In a new study, NASA-supported researchers have shown that life on Earth found a way to access inorganic nitrogen early in its history, and has stuck with this method ever since. Life uses metabolic processes, or sets of chemical reactions that convert food into energy. The biosphere of our planet relies on key metabolic reactions to power cells, but scientists do not know if the same reactions have always been used throughout the history of life on Earth.

The new study focuses on how life is able to get nitrogen from inorganic sources, a process known as biological nitrogen fixation. Life on Earth depends on nitrogen, and has for billions of years.

Today, microorganisms are able to access biologically useful nitrogen from sources in the atmosphere using only one family of enzymes known as nitrogenases. Without nitrogenases, cells would not have the nitrogen they need to survive. However, nitrogen fixation is one of the most energetically challenging biochemical reactions found in nature.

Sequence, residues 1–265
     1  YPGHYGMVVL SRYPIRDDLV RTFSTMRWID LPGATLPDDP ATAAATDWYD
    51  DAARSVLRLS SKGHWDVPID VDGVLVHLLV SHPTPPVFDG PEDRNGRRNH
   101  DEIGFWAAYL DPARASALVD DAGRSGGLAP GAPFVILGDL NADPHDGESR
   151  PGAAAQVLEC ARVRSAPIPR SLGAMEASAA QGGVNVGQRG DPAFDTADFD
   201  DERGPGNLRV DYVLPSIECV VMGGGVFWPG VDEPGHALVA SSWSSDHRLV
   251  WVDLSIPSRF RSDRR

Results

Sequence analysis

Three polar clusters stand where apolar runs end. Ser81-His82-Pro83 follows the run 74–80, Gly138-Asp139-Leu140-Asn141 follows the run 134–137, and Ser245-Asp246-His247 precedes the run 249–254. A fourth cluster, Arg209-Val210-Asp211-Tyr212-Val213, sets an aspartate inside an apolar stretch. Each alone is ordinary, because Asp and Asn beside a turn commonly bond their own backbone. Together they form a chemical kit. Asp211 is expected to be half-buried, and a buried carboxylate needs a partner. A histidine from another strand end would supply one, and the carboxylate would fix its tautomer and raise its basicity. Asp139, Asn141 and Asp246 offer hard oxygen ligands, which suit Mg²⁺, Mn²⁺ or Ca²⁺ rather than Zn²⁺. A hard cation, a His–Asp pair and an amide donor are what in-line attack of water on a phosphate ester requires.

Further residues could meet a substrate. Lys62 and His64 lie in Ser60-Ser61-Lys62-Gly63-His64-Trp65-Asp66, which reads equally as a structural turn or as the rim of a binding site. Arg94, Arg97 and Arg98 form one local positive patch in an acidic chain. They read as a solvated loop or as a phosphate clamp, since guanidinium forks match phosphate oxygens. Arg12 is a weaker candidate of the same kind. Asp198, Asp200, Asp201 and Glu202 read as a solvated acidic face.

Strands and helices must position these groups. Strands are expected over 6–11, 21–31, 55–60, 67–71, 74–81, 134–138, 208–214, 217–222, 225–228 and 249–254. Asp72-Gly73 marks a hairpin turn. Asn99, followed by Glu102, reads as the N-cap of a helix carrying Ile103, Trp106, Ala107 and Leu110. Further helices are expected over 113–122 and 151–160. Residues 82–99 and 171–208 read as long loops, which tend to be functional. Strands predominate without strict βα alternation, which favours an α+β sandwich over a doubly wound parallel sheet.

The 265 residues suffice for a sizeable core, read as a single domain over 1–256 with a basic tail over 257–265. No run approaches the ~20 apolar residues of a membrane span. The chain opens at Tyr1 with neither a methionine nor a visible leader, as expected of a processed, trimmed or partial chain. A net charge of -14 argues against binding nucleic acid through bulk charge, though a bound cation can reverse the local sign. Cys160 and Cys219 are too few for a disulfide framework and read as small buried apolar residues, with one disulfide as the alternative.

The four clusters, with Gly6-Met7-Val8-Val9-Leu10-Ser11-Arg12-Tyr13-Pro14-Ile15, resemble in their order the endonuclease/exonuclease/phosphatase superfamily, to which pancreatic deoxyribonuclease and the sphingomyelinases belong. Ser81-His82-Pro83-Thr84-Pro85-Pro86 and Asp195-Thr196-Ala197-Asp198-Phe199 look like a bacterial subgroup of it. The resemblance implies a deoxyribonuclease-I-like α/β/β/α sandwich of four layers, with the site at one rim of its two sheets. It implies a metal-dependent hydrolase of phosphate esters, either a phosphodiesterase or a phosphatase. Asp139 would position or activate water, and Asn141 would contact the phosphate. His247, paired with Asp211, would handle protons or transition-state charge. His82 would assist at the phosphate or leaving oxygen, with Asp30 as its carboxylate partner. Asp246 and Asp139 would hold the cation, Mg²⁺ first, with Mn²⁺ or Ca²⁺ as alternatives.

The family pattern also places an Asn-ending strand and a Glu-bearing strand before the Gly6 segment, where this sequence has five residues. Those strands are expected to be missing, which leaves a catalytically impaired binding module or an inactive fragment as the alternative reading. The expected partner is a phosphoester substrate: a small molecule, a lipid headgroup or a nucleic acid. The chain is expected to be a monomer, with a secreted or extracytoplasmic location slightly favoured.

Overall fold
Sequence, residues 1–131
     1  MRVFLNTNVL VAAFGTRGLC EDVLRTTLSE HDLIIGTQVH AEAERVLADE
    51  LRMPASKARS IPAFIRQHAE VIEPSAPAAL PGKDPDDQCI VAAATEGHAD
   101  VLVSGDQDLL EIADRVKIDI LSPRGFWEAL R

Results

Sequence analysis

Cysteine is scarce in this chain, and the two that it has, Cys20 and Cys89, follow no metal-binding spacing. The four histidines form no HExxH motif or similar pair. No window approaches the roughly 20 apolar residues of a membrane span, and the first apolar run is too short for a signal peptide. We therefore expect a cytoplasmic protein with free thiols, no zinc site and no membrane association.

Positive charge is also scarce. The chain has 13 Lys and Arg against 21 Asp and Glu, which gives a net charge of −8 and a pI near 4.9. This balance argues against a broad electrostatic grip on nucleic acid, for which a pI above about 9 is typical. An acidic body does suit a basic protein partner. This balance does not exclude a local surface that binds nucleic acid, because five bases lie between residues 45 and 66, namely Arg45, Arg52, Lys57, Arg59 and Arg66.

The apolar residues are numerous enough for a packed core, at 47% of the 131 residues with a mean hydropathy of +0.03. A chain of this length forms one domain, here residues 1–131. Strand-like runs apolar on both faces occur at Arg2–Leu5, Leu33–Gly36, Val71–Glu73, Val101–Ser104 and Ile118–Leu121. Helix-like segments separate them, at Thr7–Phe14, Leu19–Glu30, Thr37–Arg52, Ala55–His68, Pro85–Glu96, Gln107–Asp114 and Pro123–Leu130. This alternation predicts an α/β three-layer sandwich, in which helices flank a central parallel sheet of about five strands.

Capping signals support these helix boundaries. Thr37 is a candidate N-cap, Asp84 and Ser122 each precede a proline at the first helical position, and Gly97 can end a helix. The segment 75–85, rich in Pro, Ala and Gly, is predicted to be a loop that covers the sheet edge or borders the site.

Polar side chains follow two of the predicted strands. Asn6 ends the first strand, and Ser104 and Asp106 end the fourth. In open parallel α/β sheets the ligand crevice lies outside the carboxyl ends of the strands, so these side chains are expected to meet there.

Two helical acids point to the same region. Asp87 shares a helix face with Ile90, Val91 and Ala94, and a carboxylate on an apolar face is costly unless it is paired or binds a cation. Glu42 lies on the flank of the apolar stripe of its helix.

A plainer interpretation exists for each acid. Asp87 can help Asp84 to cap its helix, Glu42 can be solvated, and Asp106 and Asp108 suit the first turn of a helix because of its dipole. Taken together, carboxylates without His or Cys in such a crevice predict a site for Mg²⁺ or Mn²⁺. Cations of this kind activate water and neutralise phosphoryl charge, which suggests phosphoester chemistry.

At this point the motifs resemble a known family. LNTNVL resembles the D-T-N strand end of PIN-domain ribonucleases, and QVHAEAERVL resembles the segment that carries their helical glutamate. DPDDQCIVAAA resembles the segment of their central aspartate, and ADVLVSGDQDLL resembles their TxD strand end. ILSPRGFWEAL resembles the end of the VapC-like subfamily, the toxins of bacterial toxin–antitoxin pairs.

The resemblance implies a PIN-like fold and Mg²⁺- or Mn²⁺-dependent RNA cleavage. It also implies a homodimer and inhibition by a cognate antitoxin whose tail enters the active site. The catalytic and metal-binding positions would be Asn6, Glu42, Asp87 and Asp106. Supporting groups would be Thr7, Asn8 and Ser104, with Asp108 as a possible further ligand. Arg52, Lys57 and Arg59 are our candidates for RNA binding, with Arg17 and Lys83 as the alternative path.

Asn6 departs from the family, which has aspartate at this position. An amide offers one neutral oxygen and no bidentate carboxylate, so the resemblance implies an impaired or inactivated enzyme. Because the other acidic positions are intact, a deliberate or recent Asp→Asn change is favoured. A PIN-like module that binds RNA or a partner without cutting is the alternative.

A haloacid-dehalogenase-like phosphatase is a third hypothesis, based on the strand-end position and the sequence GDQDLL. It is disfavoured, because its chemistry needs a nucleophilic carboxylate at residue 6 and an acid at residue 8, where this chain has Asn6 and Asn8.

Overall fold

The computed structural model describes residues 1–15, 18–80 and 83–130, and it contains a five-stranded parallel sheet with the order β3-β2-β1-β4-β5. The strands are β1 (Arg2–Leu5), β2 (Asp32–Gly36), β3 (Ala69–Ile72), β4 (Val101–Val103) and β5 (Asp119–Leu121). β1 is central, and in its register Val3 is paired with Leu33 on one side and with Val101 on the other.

For the first time, astrobiologists used a new approach to resurrect ancient nitrogenases in modern bacteria and showed that the ancestral nitrogenases still functioned similarly to modern enzymes. The study shows that life on Earth settled on this particular strategy for accessing inorganic nitrogen early in its history. Importantly, this approach allows astrobiologists to access extinct protein diversity, providing a window into how these essential metabolic processes have been selected for and maintained under past planetary conditions.

The study was performed at the University of Wisconsin – Madison by the MUSE team supported by the Interdisciplinary Consortia for Astrobiology Research (ICAR) program. The paper, “Nitrogenase resurrection and the evolution of a singular enzymatic mechanism,” was published in the journal eLife.